This Bible study was written as a term paper for the Synoptic Gospels course at Concordia Seminary, St. Louis, with a few formatting revisions to fit the audience of this blog.
Text Translation (Luke 19:1-10)
1, After entering Jericho, He was passing through.
2, Now, there was a man whose name was called Zacchaeus; he was a chief tax collector and he was rich.
3, He kept on seeking to see who Jesus is, but he was unable because of the crowd, for he was small in stature.
4, After running ahead, he went up on a sycamore tree in order that he might see Him, for He was about to pass that way.
5, And as He went to the place, after looking up, Jesus said to him, “Zacchaeus, hurry and climb down, for today it is necessary for Me to stay in your house.”
6, So, he hurried and climbed down and he welcomed Him joyfully.
7, Because they saw this, they began to complain, saying, “He went to secure lodging with a man who is a sinner!”
8, After standing up, Zacchaeus said to the Lord, “Behold, half of my wealth, O Lord, I give to the poor; and if I have extorted anyone of anything, I return fourfold.”
9, And Jesus said to him, “Today, salvation has come to this house, because he is also a son of Abraham.
10, “For the Son of Man has come to seek and to save the lost.”
We have here two sections: what is happening between Zacchaeus and the crowd (vv. 1-4), and what happens among Jesus, Zacchaeus, and the crowd (vv. 5-10). Verses 1-7 each begin with και (kai), so it was difficult to grammatically divide the story into sections. So, I made the divisions based on the progress of events. I cut the first section at the end of verse four because Jesus’ self-invitation is the end to Zacchaeus’ problem.
Verse 1 begins this story, verses 2-3 state Zacchaeus’ challenging situation due to his small stature and his being a tax collector, verse 4 states Zacchaeus’ strategy to overcome this obstacle, and verse 5 is Jesus’ solution to his problem. Verse 5 begins the next section, which is Jesus’ self-invitation to be with Zacchaeus, who responds in verse six. Verses 7-10 follows a dialogue occurring between Jesus, Zacchaeus, and “all” (the crowd). My literary analysis will focus largely on section two, and my historical-cultural analysis in the next section will focus largely on section one.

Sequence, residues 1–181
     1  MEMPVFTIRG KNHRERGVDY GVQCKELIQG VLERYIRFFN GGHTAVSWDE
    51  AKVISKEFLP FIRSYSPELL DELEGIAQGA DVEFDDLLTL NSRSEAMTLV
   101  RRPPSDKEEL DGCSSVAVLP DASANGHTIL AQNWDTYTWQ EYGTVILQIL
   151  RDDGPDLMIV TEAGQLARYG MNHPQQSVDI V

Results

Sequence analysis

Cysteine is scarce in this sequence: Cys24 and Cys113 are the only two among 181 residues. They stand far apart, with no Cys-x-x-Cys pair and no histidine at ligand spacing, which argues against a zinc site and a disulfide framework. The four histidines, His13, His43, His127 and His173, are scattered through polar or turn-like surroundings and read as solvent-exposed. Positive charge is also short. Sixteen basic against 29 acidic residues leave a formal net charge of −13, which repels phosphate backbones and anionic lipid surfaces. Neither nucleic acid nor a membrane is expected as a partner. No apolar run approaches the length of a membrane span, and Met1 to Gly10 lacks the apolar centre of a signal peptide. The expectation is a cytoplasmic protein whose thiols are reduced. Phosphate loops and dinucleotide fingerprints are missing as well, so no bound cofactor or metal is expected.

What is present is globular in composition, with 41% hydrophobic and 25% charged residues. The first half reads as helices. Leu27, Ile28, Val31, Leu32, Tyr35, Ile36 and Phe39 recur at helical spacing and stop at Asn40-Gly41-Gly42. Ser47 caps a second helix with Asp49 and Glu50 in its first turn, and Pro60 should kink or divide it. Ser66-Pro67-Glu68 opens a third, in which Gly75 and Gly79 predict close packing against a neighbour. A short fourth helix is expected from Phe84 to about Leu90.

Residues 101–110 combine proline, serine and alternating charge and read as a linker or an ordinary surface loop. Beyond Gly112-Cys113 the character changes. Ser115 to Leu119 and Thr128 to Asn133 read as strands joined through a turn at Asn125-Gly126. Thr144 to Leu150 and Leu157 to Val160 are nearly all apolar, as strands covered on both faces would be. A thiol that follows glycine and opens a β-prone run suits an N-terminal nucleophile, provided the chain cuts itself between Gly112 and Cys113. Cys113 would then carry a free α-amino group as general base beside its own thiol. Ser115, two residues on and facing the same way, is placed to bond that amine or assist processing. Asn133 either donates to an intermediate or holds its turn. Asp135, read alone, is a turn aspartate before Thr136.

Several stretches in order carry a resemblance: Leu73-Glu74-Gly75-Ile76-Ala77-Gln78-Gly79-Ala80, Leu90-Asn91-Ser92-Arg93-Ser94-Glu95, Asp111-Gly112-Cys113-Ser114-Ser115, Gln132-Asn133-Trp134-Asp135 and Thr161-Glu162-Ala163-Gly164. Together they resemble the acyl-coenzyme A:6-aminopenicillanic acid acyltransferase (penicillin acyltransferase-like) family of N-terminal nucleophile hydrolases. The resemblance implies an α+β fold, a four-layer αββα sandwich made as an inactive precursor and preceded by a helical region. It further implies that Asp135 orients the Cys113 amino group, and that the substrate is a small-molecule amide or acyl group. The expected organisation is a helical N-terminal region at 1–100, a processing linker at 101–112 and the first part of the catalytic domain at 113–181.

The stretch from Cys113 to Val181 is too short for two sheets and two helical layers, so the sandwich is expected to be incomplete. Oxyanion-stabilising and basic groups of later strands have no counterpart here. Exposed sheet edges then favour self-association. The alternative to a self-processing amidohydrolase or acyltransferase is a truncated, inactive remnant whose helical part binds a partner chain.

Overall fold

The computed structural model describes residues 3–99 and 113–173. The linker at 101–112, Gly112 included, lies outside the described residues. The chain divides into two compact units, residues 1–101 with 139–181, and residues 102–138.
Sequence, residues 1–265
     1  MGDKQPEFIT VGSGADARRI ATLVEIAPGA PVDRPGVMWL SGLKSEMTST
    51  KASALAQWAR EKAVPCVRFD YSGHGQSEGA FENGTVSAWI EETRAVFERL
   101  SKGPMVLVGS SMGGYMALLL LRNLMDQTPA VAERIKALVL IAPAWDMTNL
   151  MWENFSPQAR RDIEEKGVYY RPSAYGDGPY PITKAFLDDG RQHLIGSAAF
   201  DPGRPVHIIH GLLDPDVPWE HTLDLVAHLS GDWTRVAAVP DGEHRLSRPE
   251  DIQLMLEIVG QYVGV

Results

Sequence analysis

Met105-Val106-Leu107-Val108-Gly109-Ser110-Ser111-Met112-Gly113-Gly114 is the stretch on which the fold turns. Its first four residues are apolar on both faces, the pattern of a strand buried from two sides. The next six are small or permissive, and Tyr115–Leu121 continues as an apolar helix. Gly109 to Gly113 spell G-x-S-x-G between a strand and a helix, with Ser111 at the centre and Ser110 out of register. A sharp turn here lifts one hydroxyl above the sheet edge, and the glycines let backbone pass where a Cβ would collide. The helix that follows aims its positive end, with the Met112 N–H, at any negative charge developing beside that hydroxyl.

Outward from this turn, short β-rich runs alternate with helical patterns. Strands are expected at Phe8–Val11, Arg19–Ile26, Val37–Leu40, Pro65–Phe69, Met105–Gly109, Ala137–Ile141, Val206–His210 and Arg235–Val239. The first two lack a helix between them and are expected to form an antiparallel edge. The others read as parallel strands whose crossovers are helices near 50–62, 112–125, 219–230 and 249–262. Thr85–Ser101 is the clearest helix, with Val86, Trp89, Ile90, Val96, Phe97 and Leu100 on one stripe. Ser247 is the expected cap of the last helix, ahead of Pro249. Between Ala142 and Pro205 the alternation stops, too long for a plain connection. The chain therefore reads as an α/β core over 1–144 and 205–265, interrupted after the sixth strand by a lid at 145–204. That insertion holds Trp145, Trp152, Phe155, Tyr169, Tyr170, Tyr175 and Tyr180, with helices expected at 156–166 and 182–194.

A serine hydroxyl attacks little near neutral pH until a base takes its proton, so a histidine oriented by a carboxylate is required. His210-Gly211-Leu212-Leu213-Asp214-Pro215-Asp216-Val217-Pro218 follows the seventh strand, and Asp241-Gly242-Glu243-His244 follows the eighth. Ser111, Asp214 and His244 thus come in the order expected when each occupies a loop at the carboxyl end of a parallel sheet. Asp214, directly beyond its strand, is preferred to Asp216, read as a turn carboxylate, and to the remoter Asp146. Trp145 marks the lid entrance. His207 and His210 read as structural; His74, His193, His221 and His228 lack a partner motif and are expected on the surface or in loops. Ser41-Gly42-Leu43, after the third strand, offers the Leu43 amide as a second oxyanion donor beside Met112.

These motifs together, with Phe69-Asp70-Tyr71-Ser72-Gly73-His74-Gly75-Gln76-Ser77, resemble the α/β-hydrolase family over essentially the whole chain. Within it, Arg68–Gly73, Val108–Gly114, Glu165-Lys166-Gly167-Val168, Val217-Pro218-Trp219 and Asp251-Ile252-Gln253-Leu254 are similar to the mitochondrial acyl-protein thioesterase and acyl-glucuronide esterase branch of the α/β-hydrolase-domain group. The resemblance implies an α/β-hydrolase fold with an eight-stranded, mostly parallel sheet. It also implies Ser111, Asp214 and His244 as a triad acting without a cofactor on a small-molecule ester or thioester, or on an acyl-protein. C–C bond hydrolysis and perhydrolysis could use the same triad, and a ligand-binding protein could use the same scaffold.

The events in this story make it difficult to place it into a genre. Bovon notes, “[I]t displays the characteristics of various literary genres; it can be viewed as a conversion, pardon, salvation, or controversy story” (594). Traditionally, it is interpreted as Zacchaeus’ conversion or salvation story, but there is another more likely protagonist in the story: Jesus Christ Himself. This depends largely on how one interprets δίδωμι (didōmī, “to give”) and ἀποδίδωμι (apodidōmī, “to return”) in Zacchaeus’ response to Jesus (v. 8).
Fitzmyer asks, “Are they ‘iterative or customary’ presents or ‘futuristisc presents'” (1,220)? In other words, are they present tense verbs indicating Zacchaeus is giving his wealth and returning his unfair gain right now (“I am giving, I am returning”), or is he making a pledge to do this in the future in response to Jesus’ invitation (“I am going to give, I am going to return”)? This is an important question to ask because either interpretation has different implications. If it’s the former, Zacchaeus is self-effacing in response to the crowd’s grumbling. If it’s the latter, it implies a genuine conversion in Zacchaeus since it is something he’s doing in response to faith.
So, which is it? Bovon, though he is aware of the two interpretive choices, does not give a definite answer. He does say he is “inclined” to take the futuristic stance, but this is an ambiguous answer rather than a clear one (598). Another interpreter, Miller, defends the traditional interpretation as well, “[Zacchaeus was led] to a total change of heart. Fellowship with Jesus broke the hold riches had on him, and led him to make restitution of anything wrongfully taken (v. 8)” (132). I agree with Fitzmyer’s position, who doesn’t defend either interpretation: